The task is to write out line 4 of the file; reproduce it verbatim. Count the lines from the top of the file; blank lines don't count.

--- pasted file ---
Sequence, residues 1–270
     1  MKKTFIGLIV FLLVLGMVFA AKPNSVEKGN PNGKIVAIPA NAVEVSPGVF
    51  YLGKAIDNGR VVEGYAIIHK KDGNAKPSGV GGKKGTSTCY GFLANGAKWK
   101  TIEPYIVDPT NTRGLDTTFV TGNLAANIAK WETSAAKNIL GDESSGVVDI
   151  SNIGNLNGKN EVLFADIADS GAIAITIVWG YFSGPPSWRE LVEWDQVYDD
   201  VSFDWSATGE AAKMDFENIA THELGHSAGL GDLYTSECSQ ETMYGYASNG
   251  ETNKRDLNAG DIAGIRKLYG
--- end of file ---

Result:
   101  TIEPYIVDPT NTRGLDTTFV TGNLAANIAK WETSAAKNIL GDESSGVVDI